Mason has been friendly to him since he sued, Brown said—which only makes Brown more uncomfortable. “Obviously, his handlers are telling him not to do anything stupid and antagonize me in any way. He still calls me by my first name, which is terribly annoying because I believe he’s lost that privilege. I mean, he accused me of some pretty horrific things. He slaps me on the shoulder like nothing’s wrong, and he commends me for the work I’m doing. I say, ‘Thank you, Mr. Mason,’ ‘Yes, Mr. Mason.’ It’s extremely painful.”

Murray Language Academy teacher Lincoln Brown: “I’m just someone who wants to do my job the best I can possibly do it.”
Murray Language Academy teacher Lincoln Brown: “I’m just someone who wants to do my job the best I can possibly do it.”Credit: Jeffrey Marini

“There is nothing necessarily wrong with a white person saying ‘nigger,’ just as there is nothing necessarily wrong with a black person saying it,” Kennedy wrote in his book. “What should matter is the context in which the word is spoken—the speaker’s aims, effects, alternatives. To condemn whites who use the N-word without regard to context is simply to make a fetish of nigger.”

To know a person’s aims, it may help to know his history.

Brown went to public schools—Ray Elementary in Hyde Park, then Kenwood Academy. Both schools were predominantly black. The families of most of his white friends either moved out of the neighborhood before his friends reached high school age, or their kids went to private schools.

Whites and blacks were largely segregated at Kenwood. Brown was in accelerated classes, whose students were mostly white. In the cafeteria, the white kids sat at the front “and then there was this expanse of empty tables, and then going around the corner it was all the other students.” White kids didn’t go to the school dances.

Brown said he nonetheless had many African-American friends at Kenwood, including a girlfriend. “I think it was more difficult for African-Americans who were friends with us—they were called whitey and things like that.”

He tried to play basketball his freshman year, but he was the only white player and got beat up a couple of times by teammates in the locker room. “I decided not to play because the coaches weren’t really supporting me the way they should, and my parents were worried about it.” He did play baseball, and that was a better experience. He and two teammates were the only three whites in the league Kenwood played in, he said. “We’d go to some really bad neighborhoods, and a lot of the African-Americans on our team would kind of huddle around us to make sure nothing happened to us.”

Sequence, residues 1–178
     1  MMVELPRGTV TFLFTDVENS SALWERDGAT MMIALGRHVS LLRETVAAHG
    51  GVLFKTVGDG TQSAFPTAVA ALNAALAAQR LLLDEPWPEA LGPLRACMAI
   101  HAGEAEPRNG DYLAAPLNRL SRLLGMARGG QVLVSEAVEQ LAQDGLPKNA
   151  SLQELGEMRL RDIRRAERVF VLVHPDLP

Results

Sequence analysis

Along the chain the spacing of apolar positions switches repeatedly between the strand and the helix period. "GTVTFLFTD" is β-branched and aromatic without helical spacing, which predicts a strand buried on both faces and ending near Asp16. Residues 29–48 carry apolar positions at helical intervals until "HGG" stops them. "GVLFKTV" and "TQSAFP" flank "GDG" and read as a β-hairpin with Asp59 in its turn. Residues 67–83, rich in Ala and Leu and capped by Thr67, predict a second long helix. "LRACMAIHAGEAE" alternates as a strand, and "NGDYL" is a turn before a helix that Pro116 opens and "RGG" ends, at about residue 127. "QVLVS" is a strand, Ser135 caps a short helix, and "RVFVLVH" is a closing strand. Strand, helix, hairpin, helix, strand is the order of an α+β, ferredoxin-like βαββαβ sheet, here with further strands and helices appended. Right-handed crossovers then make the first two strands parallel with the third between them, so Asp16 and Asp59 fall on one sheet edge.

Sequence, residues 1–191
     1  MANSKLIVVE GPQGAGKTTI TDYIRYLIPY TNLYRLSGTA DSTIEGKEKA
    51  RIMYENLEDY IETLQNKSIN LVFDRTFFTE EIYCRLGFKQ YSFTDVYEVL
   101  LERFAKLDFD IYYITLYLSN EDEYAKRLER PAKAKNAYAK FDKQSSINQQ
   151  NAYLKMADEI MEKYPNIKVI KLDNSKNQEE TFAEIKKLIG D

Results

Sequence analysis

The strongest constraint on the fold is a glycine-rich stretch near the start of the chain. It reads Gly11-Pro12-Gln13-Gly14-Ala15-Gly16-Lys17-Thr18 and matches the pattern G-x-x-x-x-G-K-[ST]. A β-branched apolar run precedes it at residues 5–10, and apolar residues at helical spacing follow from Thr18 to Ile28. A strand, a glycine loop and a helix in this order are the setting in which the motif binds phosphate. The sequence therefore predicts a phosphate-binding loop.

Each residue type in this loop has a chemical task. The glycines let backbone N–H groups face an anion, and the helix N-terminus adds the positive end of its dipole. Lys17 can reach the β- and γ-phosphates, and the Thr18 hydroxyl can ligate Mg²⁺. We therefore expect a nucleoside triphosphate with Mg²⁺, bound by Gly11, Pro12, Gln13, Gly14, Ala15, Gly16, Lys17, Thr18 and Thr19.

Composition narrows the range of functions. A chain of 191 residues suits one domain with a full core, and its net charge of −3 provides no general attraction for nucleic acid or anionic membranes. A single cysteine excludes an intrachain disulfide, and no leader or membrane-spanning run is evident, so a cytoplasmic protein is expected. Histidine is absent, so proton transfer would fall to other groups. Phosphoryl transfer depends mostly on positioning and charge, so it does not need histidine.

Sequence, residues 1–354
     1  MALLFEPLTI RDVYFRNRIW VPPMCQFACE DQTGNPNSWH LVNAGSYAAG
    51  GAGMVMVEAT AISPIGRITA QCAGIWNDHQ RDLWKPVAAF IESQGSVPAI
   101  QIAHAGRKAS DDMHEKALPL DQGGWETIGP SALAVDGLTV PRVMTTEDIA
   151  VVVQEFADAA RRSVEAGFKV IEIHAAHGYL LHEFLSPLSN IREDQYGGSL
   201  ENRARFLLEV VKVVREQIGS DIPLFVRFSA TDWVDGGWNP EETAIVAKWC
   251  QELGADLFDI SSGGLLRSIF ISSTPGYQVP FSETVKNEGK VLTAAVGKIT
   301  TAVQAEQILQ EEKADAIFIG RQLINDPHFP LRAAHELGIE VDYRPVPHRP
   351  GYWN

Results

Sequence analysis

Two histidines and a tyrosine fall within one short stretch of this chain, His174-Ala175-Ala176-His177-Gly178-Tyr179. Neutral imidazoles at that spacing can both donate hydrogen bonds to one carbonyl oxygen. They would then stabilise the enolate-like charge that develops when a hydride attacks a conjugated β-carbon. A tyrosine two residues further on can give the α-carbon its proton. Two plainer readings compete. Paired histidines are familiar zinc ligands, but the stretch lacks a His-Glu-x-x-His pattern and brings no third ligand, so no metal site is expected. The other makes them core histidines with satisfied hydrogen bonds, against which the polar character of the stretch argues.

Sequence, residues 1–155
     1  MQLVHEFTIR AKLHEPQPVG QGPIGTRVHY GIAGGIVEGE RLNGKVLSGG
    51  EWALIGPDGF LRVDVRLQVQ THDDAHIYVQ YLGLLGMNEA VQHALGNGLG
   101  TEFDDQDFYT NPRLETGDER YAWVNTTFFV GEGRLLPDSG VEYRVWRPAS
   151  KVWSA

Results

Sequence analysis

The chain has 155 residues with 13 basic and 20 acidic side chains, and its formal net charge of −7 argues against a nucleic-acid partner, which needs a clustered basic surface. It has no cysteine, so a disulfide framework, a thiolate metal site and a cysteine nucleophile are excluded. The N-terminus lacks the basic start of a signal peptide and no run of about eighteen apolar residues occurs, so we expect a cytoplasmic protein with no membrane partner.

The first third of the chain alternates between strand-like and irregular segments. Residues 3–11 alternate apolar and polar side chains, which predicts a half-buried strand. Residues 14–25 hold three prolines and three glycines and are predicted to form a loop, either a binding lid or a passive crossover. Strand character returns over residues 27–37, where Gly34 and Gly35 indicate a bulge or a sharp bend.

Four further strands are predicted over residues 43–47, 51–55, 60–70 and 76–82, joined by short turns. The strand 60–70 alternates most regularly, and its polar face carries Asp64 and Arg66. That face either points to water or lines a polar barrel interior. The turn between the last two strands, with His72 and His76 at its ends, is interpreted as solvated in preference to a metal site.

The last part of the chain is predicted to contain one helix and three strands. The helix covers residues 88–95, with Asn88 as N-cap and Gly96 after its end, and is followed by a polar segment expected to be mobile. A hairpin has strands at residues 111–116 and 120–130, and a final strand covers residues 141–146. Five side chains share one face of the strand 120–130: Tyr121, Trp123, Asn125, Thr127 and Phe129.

He got his undergraduate degree in child psychology at St. Olaf College in Northfield, Minnesota, then spent several years pursuing a master’s in journalism at the University of Minnesota. But he was having trouble finishing, and before he did his mother told him about a “Teach for Chicago” program that would allow him to work while studying toward a master’s in education at Loyola University. “I was kind of floundering, and I wanted some structure in my life, so I decided to do that,” he told me.

He was accepted into the program, and in 1992, after one summer at Loyola, he and his classmates were dispatched to schools near the Robert Taylor Homes housing project on the south side. Brown was assigned to teach fifth- and sixth-grade classes at Farren Elementary, at 51st and State. The kids were black and poor, and many had drug-addicted parents.

“The first day I met the students, a kid about my size, even bigger, said he wasn’t gonna be taught by no white boy,” Brown recalled. “So I grabbed him by his collar and just chewed him out, and told him if he ever called me a white boy again I’d knock his teeth out.

“If I hadn’t done that then I probably wouldn’t have been as successful,” he said. “I had to show them that I was gonna stand up for myself—that I wasn’t gonna say, ‘Oh, well, I’m white, let’s sit down and talk about racial inequality.'”

He said he was only bluffing about hitting the boy. “I saw so much abuse of kids at that school—and I reported it. I would never hurt or hit anyone.”

Brown said the boy became a loyal student. “I had him for three years. He said, ‘You be like a reverse Oreo cookie—black on the inside, white on the outside.'” Brown considered that the ultimate compliment.